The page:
Love Stephen King, loved the novel, couldn’t wait to see the film as a kid, couldn’t have been more disappointed when I did.
“It promised to be the scariest film ever made.
“Except it wasn’t. The first time we saw The Shining, it was a shattering disappointment. I’d never expected – nor wanted – a film adaptation that slavishly stuck to its source, but Kubrick had left out all the best bits. Where were the hedge animals? The roque mallet? The boiler? “The novel is by no means a serious literary work,” Kubrick told French film critic Michel Ciment, “but the plot is for the most part extremely worked out, and for a film that is often all that really matters.” Yet he and his co-writer, Diane Johnson, cavalierly junked the central dynamic of a parent struggling against his own dark urges and fear of harming those closest to him, and fans of the book were not pleased.” – The Shining has lost its shine – Kubrick was slumming it in a genre he despised
The Dead Zone, on the other hand, one of my favourite of Cronenberg’s and a good King adaptation.
March 21, 2013 by wetwebworkComments Off on James Herbert
Too young to get into 18 certificate films, and jealous of my cousins who could, my alternative was to read horror novels, and I soon discovered James Herbert. The Rats, The Spear, The Fog, Fluke, so many great stories that had everything I wanted as a kid from a book.
I remember an interview in which James Herbert described being in a meeting and wondering “What if someone got up and jumped out of the window – what might make them do that?” – or something along those lines. All his books were great What ifs?
Along with Stephen King, Roald Dahl, Frederick Forsyth and William Goldman, James Herbert was what I read as soon as I had a say in it (although my parents were always great in letting me pick their books from the shelves to read, thus the Goldman, Forsyth and adult Dahl stories), and fostered my love of horror.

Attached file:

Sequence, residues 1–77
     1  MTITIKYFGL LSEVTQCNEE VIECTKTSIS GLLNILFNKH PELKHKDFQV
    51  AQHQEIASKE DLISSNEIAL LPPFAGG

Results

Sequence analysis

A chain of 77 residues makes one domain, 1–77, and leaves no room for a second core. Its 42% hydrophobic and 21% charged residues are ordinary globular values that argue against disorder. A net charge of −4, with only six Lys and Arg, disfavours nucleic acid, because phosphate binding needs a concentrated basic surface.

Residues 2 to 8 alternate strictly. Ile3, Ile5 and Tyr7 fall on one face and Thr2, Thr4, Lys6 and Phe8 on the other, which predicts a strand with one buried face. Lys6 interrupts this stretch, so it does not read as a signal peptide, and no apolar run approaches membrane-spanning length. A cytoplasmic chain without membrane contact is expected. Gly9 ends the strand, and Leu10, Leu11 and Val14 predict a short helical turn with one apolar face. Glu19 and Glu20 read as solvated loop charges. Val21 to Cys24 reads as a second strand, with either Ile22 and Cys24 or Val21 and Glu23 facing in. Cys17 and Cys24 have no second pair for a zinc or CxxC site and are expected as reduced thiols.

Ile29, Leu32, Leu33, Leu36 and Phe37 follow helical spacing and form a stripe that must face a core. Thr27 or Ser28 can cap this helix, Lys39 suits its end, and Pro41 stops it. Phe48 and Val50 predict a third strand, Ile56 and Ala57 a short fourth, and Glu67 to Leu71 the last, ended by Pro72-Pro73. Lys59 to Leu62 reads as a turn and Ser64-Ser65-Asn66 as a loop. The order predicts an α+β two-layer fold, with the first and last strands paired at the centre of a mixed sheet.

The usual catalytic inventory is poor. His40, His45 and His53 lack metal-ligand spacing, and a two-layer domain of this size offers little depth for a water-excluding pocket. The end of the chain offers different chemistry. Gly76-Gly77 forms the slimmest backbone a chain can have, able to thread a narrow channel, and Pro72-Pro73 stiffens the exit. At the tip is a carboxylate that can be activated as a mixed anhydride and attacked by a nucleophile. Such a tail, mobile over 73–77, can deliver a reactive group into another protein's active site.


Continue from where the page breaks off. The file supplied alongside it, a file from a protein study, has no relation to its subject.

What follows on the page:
July 24, 2012 by wetwebworkComments Off on My Top 10 Films
King himself currently pays taxes of around 28% on his income, and at a recent rally in Florida wondered publicly why he was not paying a higher rate of 50%. You’re unhappy about it? “Cut a check and shut up,” was the response from his listeners, the author writes in a piece for The Daily Beast entitled Tax Me, for F@%&’s Sake! “If you want to pay more, pay more, they said. Tired of hearing about it, they said. Tough shit for you guys, because I’m not tired of talking about it. I’ve known rich people, and why not, since I’m one of them? The majority would rather douse their dicks with lighter fluid, strike a match, and dance around singing ‘Disco Inferno’ than pay one more cent in taxes to Uncle Sugar.”
Mentioned in the afterword of Stephen King’s The Dark Half which also has a character named after one from another Stevens’ novel Dead City, finding a copy back in the day wasn’t as hard as now. Which is a shame, as it was published before the serial killer thriller was written to death, a genre I stopped reading when I would pick one up in a bookshop and struggle to remember if I had read it already. Thirty-three years on By Reason of Insanity still stands head and shoulders above nearly all of them.
And while I enjoyed Thomas Harris’ Red Dragon and Silence of the Lambs, their tight writing and pared down story took away the need to reread them. They were a gripping one shot hit, brilliant for those very reasons, and if you haven’t read them you must. But By Reason of Insanity at 500 pages or so, with a plot that twist and squirms getting more and more desperate as it develops, rewards rereading and is one of a handful of books I return to.